Over the years, your support has made Women’s Web the leading resource for women in India. Now, it is our turn to ask, how can we make this even more useful for you? Please take our short 5 minute questionnaire – your feedback is important to us!
I still reminisce one of the best getaways when we spent a few days on the mango fields in a traditional courtyard home, feeling so together as a family and so away from the rest of the world.
Every time I fly out of India, there is an upsurge of emotions; I have never been able to get used to the idea of leaving home without crying inconsolably. Hence, naturally, when I come home, it is a massive celebration to say the least.
I come home to my lifeline – my loving family. No matter how often and how long we speak on video calls every day and however regularly we update each other on even the tiniest parts of each day, nothing is comparable to the touch and hugs, the animated storytelling sessions, the in person endless laughter and insightful conversations and the magic of simply being around each other. Of course, what tops it all is the taste of mom-made food.
Coming home involves a digital detox and spending priceless time with my loved ones which is not only mentally rejuvenating but also emotionally uplifting. I still reminisce one of the best getaways when we spent a few days on the mango fields in a traditional courtyard home, feeling so together as a family and so away from the rest of the world. Another gem of a holiday was a few nights on the houseboat in the beautiful Alleppey where we ate without guilt, shared the good and the not-so-good things as well as behaved silly and stupid with no qualms at all.
Furthermore, an integral part of every journey has to be visiting diverse places – an eternal favorite is strolling amidst the old world charm of the Basavanagudi, Bengaluru and to keep discovering hidden gems like the quaint Mattur village in Karnataka where residents communicate in Samskrutham ( Sanskrit). It is an opportunity to see for myself all the progress, the changes, and the challenges and most importantly, to be able to think how I can give back. Through the years, coming home has taught me to enhance my understanding about my roots. Needless to say, there is increased reverence and infinite amount of gratitude.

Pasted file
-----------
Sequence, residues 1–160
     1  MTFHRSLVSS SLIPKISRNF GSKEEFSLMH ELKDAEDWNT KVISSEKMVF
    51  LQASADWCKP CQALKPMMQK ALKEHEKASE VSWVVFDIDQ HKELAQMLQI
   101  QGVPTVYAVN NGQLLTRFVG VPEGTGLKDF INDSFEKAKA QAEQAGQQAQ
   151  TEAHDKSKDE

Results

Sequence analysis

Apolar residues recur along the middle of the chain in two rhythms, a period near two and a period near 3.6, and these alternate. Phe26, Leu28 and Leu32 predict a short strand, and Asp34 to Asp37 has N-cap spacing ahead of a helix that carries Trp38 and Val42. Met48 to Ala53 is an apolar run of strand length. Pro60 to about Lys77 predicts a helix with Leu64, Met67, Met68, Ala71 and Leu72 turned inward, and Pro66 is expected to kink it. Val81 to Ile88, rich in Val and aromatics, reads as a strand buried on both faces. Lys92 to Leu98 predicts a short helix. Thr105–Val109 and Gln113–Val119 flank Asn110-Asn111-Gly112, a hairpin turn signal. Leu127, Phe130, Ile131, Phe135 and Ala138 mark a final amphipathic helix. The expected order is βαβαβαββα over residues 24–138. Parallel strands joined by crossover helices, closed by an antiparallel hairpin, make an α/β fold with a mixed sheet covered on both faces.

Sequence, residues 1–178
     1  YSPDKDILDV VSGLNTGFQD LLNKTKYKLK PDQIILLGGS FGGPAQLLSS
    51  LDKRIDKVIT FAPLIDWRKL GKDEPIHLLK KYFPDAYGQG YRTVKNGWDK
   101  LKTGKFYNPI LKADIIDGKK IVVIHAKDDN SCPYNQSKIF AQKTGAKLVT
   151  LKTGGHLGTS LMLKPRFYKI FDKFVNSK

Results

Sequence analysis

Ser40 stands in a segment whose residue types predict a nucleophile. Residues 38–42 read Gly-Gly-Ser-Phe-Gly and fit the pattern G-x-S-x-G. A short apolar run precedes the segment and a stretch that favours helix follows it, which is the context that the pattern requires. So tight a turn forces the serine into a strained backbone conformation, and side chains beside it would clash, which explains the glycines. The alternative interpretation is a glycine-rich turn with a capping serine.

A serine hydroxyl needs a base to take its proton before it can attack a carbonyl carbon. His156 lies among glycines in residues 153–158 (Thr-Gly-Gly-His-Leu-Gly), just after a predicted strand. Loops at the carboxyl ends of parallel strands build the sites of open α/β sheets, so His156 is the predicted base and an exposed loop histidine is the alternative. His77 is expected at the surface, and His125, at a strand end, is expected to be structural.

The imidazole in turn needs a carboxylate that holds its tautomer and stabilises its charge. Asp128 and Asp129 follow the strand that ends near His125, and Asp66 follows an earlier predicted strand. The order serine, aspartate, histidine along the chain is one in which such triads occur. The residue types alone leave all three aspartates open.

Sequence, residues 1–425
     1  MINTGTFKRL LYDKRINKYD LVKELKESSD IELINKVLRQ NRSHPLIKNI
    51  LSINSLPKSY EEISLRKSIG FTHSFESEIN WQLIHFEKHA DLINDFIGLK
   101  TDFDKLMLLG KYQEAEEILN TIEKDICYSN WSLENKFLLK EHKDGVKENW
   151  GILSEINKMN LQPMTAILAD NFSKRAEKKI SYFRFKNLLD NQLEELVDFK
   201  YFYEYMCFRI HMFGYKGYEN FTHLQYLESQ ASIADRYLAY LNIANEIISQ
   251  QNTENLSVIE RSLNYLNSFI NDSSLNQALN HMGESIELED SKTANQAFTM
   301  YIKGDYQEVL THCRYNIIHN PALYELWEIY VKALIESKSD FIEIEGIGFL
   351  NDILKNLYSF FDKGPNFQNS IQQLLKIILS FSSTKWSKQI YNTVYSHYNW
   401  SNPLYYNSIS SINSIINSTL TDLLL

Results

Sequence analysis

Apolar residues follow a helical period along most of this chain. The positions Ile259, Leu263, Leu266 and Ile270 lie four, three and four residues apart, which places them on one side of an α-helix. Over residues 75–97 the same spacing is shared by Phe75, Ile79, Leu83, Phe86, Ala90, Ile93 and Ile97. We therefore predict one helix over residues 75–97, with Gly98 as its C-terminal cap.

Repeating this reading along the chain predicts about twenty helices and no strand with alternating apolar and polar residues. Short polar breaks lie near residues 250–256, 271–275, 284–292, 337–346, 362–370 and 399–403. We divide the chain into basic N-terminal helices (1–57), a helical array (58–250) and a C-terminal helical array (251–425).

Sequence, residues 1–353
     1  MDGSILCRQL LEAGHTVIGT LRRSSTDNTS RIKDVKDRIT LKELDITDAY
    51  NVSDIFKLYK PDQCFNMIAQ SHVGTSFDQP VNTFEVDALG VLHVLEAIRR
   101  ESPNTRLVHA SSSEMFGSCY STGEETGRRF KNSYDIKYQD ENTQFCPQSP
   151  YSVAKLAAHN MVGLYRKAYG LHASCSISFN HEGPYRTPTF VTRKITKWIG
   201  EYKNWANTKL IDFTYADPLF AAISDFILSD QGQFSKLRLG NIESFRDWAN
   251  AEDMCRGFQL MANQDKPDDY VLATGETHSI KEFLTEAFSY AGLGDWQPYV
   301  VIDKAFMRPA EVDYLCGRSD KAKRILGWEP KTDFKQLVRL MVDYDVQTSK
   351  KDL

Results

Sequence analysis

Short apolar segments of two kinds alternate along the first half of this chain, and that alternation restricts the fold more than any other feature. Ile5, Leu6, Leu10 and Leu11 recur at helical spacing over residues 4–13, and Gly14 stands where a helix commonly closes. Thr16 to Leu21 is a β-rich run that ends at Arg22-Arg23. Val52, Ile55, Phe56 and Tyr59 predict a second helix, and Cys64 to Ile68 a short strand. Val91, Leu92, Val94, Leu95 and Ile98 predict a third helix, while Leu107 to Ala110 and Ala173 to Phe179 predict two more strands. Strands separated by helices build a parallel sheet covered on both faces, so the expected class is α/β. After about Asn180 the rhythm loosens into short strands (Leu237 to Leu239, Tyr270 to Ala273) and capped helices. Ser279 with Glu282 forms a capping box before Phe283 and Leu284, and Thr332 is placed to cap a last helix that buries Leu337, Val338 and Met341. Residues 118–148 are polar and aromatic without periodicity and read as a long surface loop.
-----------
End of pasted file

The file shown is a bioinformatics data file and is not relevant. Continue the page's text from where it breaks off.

When I meet with my old pals and when I reflect on how the city I have grown up in has evolved, they all give me stories to share, thoughts to ponder on and memorable pictures to cherish.
As a matter of fact, coming home to me is less about keeping it perfect and more about making it real and worthy.
Image via Pixabay
I am Sindhura. I am so happy to be sharing this space with so many inspiring women.
I am a project manager by day-job and a passionate trainer, counsellor, mentor and a writer. I read more...
Women's Web is an open platform that publishes a diversity of views, individual posts do not necessarily represent the platform's views and opinions at all times.
Stay updated with our Weekly Newsletter or Daily Summary - or both!
Many women have lost their lives to this darkness. It's high time we raise awareness, and make maternal mental health screening a part of the routine check ups.
Trigger Warning: This deals with severe postpartum depression, and may be triggering for survivors.
Motherhood is considered a beautiful blessing. Being able to create a new life is indeed beautiful and divine. We have seen in movies, advertisements, stories, everywhere… where motherhood is glorified and a mother is considered an epitome of tolerance and sacrifice.
But no one talks about the downside of it. No one talks about the emotional changes a woman experiences while giving birth and after it.
Whether it is spunky Lali or wise and profound Baai, overbearing Sui or a gracefully ageing Dilbar, sensitive Saiba or a quietly ambitious Latika, this webseries showcases women characters who are as complex, compassionate and conflicted as real women.
The first short film in the latest Amazon Prime anthology – Modern Love Mumbai( inspired by the much acclaimed Modern love column of New York Times) is titled “Raat Rani” deriving it’s name from the fragrant night-blooming jasmine flower.
*A few spoilers
Director Shonali Bose uses this flower as not just a plot point but also a metaphor for her protagonist Lalzari (a fiesty Fatima Sana Shiekh), a Muslim migrant worker from Kashmir who has eloped with her husband Lutfi to the city of dreams, Mumbai. She works as a cook-cum-nanny and her husband as a watchman in a Mumbai high-rise. After work they spend time with each other gazing at the sea, sharing ice-cream and taking a scooter ride back home, to their kholi, on which they have spent all their earnings.